In what has been described as a ‘fiscal event’ rather than a budget, the new Chancellor Kwasi Kwarteng has announced a series of measures to boost the economy and help households and businesses keep more of their money.
The measures total the biggest tax cut since 1972 as the Chancellor abolishes the top rate for high earners and cuts the basic rate of tax to 19p – a move which had already been muted by the government under Rishi Sunak but will now come in sooner.
Here, Beatons’ Head of Taxation Andrew Diver gives an overview of the key points.
The Chancellor’s 40 page ‘growth plan’ includes some radical steps which the government say will release the huge potential in the British economy and also tackle high energy costs and inflation, helping to increase productivity and wages.
- The 45% higher rate of income tax is to be abolished.
- Basic rate of income tax to be cut to 19p in the pound from April 2023. This means an employee on average earnings would save approximately £170 per year.
- A planned 1.25% National Insurance rise is to be reversed from November 6 - saving money for businesses and 28 million workers.
Energy crisis support
The Chancellor reiterated the energy price guarantee – stating that the average household will pay no more than £2,500 per year for energy and will receive the £400 grant from October.
Households will see this grant in the form of £66 reduction in their energy bill each month.
Support for businesses
- The planned rise in corporation tax to 25% next year has been cancelled, a move which the Chancellor says will put £19billion a year into the economy.
- A tax cut for businesses in designated sites for 10 years to support investment, jobs and growth. The Government said it is communicating with 38 local and mayoral combined authority areas in England about "investment zones" with the hope of these growing across UK.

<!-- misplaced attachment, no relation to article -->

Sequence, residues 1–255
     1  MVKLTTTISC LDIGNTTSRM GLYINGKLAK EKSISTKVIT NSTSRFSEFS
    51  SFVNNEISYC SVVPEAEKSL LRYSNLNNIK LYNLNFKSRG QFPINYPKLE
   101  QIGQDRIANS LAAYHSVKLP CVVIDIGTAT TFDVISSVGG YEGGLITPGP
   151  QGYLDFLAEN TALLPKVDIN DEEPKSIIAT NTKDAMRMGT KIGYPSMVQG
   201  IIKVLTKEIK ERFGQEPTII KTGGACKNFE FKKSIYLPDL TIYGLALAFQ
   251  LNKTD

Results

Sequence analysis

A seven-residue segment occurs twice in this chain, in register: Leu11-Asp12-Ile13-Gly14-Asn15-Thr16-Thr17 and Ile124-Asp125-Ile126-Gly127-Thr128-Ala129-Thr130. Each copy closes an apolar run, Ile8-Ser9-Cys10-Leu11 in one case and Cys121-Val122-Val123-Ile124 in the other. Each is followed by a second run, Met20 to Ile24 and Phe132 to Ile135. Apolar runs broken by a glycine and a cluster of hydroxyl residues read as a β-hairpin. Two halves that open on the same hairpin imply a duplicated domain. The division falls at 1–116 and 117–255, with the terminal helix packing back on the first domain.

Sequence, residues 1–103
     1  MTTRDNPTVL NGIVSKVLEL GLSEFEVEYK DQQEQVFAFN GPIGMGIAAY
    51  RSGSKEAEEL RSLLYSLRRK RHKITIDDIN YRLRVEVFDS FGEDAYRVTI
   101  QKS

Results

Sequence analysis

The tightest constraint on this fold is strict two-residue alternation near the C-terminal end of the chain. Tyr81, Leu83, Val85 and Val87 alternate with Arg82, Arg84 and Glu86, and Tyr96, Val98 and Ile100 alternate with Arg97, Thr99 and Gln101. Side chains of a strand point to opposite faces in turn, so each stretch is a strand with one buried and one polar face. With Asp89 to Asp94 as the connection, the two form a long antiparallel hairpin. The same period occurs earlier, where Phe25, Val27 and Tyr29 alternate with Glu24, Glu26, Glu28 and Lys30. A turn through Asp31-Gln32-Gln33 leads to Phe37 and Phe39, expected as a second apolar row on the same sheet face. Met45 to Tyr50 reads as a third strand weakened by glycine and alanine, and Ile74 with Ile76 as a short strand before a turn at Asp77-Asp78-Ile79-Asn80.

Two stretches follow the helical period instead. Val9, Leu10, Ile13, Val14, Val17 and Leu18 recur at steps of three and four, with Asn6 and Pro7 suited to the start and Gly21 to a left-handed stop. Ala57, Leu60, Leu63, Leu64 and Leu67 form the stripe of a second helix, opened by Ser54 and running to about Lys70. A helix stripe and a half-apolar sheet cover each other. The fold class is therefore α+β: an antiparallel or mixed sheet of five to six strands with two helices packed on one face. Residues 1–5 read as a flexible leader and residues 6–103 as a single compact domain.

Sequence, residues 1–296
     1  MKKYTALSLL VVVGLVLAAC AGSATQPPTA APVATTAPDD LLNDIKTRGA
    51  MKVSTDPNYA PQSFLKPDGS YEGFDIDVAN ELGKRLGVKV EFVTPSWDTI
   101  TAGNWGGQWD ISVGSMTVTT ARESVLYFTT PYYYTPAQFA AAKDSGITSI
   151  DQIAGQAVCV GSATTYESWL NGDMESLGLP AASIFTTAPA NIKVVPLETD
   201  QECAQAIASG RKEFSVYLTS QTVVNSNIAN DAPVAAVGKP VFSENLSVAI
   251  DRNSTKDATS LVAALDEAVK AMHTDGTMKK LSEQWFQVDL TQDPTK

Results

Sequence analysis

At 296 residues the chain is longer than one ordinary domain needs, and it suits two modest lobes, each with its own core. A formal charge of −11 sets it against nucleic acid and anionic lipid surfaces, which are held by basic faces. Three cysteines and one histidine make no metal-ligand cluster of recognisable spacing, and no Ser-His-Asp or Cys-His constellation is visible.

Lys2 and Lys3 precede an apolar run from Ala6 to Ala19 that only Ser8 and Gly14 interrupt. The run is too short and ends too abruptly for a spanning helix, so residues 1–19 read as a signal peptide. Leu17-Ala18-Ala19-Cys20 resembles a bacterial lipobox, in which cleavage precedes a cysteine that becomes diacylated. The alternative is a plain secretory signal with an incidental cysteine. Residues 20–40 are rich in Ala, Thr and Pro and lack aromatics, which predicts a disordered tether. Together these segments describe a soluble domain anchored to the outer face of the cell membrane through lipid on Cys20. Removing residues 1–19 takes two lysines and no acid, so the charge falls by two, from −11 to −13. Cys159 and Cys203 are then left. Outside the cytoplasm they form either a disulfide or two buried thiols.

- New legislation will cut barriers and restrictions to building new roads, rail and energy infrastructure.
- Set to bring in regulations to increase investment by pension funds into UK assets, benefiting savers and boosting economic growth, and incentivising investment into Britain's science and tech companies.
- The Annual Investment Allowance will bring tax relief for businesses on plant and technology investment - to remain at £1m for the foreseeable future, rather than a planned return to £200,000 in March 2023.
Housing market help
Big cuts were announced for the housing industry, in a bid to keep this market buoyant and stamp duty to be slashed from today.
- Nothing will be paid for first £250,000 of property's value – this is double the current amount.
- The threshold for first-time buyers is to be increased from £300,000 to £425,000.
- Additionally, the value of the property which first-time buyers can claim relief is to rise from £500,000 to £625,000, meaning that first-time buyers will not have to pay any stamp duty on the first £425,000 of a property's price, provided that the property costs less than £625,000.
Andrew said: “This is a huge announcement, covering around 30 points with the idea of stimulating the economy on the whole.
“Some of the cuts are not totally new notions, but this Chancellor is bringing in previously suggested cuts much more quickly than had been anticipated.
The energy support package will be welcomed in households across the UK as will the cut in basic rate of tax for all earners up to £50,000.
The stamp duty cuts are significant and much higher than expected, which will help to keep the housing industry moving.
“The measures are a big statement of intent and will involve significant increases to public debt “
“Only time will tell if they are to have the positive effect on the economy that the Government expects to fund these cuts”
If you would like accountancy advice on any of the new measures and how they might affect you or your business, Beatons can help. Email firstname.lastname@example.org or call 01473 659777.